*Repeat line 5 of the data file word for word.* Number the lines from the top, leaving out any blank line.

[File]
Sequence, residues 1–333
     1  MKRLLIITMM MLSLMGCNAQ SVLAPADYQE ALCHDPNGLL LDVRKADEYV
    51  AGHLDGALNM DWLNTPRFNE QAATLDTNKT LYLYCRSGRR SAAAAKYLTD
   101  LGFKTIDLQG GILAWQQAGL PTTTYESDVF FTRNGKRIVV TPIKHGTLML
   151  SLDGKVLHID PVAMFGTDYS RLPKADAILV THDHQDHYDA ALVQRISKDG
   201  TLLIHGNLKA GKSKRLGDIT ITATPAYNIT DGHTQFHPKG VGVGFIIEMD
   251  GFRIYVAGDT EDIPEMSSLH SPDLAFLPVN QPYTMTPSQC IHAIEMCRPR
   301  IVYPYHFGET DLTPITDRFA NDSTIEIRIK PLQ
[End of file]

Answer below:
   151  SLDGKVLHID PVAMFGTDYS RLPKADAILV THDHQDHYDA ALVQRISKDG